Sunday 3 February 2013

A week in Broken Barnet: Tories in retreat, under siege - and preparing for worse to come

Back to the future: Barnet Tories reintroduce parking meters

 Oh dear, oh dear, oh dear: not been a good week for Tory Barnet, has it? 

Forced to admit defeat over the plans to sell off the library that would not die, and agree, with forced smiles, a licence to remain with local campaigners, and now look: another u-turn, this time on parking.

Well, we say u-turn, as our Tory chums now find themselves heading once more in the opposite direction to a former policy decision: in fact this was not so much a calculated response as an unfortunate accident, a total loss of control of the One Barnet juggernaut, slipping on the black ice of resident rebellion, and ending up on its back in the middle of the High Road, North Finchley, just outside Cafe Buzz. 

A press release about the new idea appeared on the council's website on Friday: Mrs Angry's impertinent remarks in red:

Barnet Council’s new credit and debit parking machines make motorists’ lives easier

Barnet Council is making parking easier by installing pay and display machines that use credit and debit cards. 

Having made motorists' lives intolerable, and wiped out 40% of trading footfall in your local high street through our idiotic parking scheme, we are now going to try to undo some of the damage, or at least convince you we are doing so, before next year's elections. We will therefore replace the parking meters we removed, at your expense, and expect you thank us for it.

The first of the new 16 parking payment terminals are currently being installed and more will follow in February in the local town centres. 

To pay for parking, motorists insert their credit or debit card and choose the amount needed, based on how long they want to stay.  

We will not do the one thing that everyone wants, and allow the meters to take cash as they used to, as that would make us look like the incompetent fools you already know we are, and Mrs Angry will say I told you so.

Councillor Dean Cohen, Cabinet Member for the Environment, said: “This initiative is part of our ongoing commitment to supporting local businesses and the public on our high streets, offering them further choice for easier parking. 

We have remembered that we are Tory councillors and are supposed to have a commitment to supporting local businesses and the public on our high streets. We will backdate this commitment by calling it 'ongoing', and hope that Mrs Angry does not spot this interesting turn of phrase. We also hope she does not notice the use of the word 'further' as in 'further choice for easier parking' as of course there has been no choice for easy parking since Councillor Coleman, with our full support, implemented this catastrophic scheme.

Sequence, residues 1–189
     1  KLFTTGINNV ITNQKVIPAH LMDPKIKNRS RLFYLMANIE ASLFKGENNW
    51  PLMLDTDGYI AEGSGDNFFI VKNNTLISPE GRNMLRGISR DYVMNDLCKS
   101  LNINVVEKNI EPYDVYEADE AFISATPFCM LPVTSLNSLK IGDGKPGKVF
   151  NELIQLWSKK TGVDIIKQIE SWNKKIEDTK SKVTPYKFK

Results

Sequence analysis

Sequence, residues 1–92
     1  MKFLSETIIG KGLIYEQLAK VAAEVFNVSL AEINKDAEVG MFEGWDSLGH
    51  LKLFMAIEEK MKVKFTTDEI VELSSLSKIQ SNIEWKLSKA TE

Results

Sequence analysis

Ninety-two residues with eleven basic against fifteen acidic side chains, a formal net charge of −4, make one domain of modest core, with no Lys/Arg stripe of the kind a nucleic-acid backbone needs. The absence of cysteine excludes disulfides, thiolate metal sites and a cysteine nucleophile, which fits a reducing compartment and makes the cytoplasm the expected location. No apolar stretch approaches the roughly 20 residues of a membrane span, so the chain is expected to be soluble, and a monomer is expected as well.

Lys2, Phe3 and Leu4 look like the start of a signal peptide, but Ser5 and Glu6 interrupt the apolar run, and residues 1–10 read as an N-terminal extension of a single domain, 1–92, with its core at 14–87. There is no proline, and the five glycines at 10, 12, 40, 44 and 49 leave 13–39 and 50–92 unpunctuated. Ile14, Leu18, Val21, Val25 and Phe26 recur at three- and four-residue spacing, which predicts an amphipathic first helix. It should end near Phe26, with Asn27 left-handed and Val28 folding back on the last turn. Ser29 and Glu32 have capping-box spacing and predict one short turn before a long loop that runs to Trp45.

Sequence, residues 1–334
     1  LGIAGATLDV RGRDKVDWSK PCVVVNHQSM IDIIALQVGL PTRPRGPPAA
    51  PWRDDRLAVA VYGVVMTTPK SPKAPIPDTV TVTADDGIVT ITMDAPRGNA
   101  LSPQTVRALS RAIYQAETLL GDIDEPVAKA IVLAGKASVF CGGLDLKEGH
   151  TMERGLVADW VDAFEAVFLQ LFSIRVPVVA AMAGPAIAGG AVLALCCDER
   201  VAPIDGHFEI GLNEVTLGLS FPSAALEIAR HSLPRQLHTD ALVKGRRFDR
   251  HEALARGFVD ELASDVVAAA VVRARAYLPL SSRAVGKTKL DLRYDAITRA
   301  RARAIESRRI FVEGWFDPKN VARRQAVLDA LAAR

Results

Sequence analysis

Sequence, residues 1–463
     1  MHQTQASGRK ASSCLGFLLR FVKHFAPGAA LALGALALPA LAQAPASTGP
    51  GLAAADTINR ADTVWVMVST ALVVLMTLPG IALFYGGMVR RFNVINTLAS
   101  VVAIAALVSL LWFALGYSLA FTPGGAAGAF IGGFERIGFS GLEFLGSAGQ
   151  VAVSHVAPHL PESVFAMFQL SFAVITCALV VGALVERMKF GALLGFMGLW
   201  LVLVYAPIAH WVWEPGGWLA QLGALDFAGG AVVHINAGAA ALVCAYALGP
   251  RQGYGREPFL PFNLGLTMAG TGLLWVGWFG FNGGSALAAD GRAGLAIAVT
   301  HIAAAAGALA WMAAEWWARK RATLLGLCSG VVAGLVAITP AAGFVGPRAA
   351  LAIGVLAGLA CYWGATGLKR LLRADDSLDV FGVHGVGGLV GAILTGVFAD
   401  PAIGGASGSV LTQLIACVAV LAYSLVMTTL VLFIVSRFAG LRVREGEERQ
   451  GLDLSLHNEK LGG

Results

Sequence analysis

“We have listened to the public and traders who felt pay and display would help those that do not have access to a mobile phone, smartphone or the widely available Scratchcards.

We are now pretending, after more than a year of protest, that we give a shit what the public and traders think, as we have only a year to try to redeem ourselves in the eye of the Barnet electorate. We have heard of mobile phones, smartphones and scratchcards, but we have never heard about the easy method of payment called 'cash'. This is because as Tory councillors we all have free parking permits anyway and do not have to depend on any payment methods.

“This new method complements our other methods of payment, and the new machines will make it easier for motorists, shoppers and traders, who won’t need to search for cash.” 

On Friday we used the word 'compliments' and Mrs Angry made fun of us on twitter. The Tooting Twister has had his pencil confiscated, and given to someone who can spell, and has a basic grasp of the laws of grammar.

We are ignoring the fact that residents want to pay with cash, and do not want to search for, or use, a card in order to park, especially older residents, who will be made vulnerable to mugging and distraction crimes should they be forced to use such methods in public.

The first machine to be installed is in Lodge Lane carpark in North Finchley, and the rest will roll out next month.

The first machines will be just around the corner from Cafe Buzz, because we are scared of anti parking campaigner Helen Michael, and think this might shut her up. 

It won't.

Marvellous news. Wonder how much this whole farce is costing us, the taxpayers of Broken Barnet? Mrs Angry is sure that Messrs Reasonable and Mustard, who are good at adding up, will be able to work it out. 

Just a thought: why was the option of retaining meters, or installing meters which could take cards and cash, not considered as part of the contract with NSL, the lucky winners of the parking payment tender? It's a shame we can't ask the interim parking manager who came to Barnet to oversee this process, isn't it? He's left now, sadly.

Anybody know where he went?